Deputy Finance Minister David Masondo says he would support direct Reserve Bank purchases of government debt to help fund measures to contain the spread of the coronavirus.
“The capacity of our government to raise revenue from tax and borrowing is highly limited,” Masondo said in an interview with the Johannesburg-based . He had initially shared these views during a discussion, hosted by the ANC, on the R500 billion stimulus package to support government‘s response to the Covid-19 crisis.
“Covid-19 and the recent downgrades by the credit-rating agencies have worsened our economic woes. Given our fiscal constraints, I would support the South African Reserve Bank (SARB) if they decide to directly buy government bonds,” Masondo told the Sunday Times.
Responding to a query from Fin24, Masondo explained that if the Reserve Bank was to purchase bonds directly from Treasury, it should do so “independently” and without “undue pressure”. Such funding should be used to support Covid-19 health interventions and structural reforms to ensure long term, inclusive economic growth, he added.
The deputy minister also noted that the Reserve Bank had already taken in response to the Covid-19 crisis, but suggested more could be done.
“My comments are not in any instance saying there should be pressure on the Reserve Bank but rather that where institutions, both public and private sector, can do more and where they still have room to manoeuvre in terms of offering support to the economy, let them do so,” Masondo said.
Worldwide there are discussions on the role of central banks in times when there are multiple crises as we are currently facing, he said. “It is not surprising that everyone, not only in South Africa, but worldwide, is discussing the role of central banks. However, we should do so whilst respecting the independence of the South African Reserve Bank.”
South Africa‘s economy could contract by as much as 16.1% this year, depending on how long it takes to contain the coronavirus pandemic and for the economy to recover, Treasury estimates show.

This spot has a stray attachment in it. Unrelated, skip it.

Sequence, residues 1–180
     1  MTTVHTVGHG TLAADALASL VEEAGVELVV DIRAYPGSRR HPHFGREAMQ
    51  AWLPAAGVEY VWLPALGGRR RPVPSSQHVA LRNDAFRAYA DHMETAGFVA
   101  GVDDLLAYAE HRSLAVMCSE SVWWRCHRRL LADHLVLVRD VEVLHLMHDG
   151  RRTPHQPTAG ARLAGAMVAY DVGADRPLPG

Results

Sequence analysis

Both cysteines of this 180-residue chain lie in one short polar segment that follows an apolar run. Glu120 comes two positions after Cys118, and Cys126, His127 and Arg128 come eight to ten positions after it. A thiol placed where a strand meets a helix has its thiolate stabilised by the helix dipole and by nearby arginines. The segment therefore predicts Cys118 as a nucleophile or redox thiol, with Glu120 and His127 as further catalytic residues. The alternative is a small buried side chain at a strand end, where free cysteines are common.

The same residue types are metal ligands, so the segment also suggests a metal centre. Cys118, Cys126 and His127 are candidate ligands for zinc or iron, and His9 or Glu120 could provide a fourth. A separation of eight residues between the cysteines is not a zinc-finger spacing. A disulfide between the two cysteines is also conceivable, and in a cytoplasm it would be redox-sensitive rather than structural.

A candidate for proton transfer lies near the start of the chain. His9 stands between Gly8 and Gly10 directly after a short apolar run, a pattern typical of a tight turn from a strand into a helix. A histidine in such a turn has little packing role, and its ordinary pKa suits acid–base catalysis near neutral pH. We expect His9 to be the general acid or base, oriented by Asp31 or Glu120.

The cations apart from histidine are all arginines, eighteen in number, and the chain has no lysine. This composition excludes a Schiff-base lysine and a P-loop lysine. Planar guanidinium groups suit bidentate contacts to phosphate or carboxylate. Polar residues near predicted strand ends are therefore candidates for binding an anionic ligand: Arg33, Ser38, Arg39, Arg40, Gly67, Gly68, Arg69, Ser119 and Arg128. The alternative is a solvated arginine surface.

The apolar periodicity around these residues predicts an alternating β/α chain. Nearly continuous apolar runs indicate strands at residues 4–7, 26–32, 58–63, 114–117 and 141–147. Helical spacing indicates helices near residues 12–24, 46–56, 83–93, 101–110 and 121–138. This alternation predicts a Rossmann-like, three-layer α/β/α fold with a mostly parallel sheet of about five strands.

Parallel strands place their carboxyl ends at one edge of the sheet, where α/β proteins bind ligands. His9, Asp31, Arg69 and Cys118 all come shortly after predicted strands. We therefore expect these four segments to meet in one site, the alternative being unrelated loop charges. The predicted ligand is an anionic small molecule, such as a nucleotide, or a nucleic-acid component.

Any debt purchased by the Reserve Bank would be once-off “special bonds,” and should be treated as a temporary measure with a clear exit plan, Masondo said.
The Reserve Bank announced on 25 March it would buy government securities in the secondary market to boost liquidity. “It is the independent decision of the SARB to decide how much money they supply and for what specific purpose in the context of price stability for balanced economic growth,” Masondo said.
Head of capital markets research at Intellidex, Peter Attard Montalto is also of the view that the Reserve Bank could do more to support government‘s efforts to fight Covid-19; but disagreed with Masondo‘s comments on the primary market purchases of bonds. Montalto suggested some form of quantitative easing won‘t work without real structural reforms to the SA economy.
“As the revenue hole gapes open and with National Treasury slow to raise issuance risking back loading in the fiscal year, all means that the SARB is likely at some point to have to step up – albeit incredibly reluctantly and with long term adverse consequence risk into the politics,” Montalto said.
Montalto added that the deputy finance minister‘s comments on what the Reserve Bank should do will be “dangerous” in the long term and will “play into the politically messy future” where the bank will be expected to fund other projects.
“The simple fact is that the debt dynamic is unsustainable anyway, but more so at north of 10% yields. Something is going to have to bring it down and we don‘t see that as being a flood in of bond buying,” Montalto said.
Additional reporting by Lameez Omarjee
*This article was updated at 18:30 on Sunday 3 Mary 2020 to include Deputy Finance Minister David Masondo‘s response to a Fin24 query.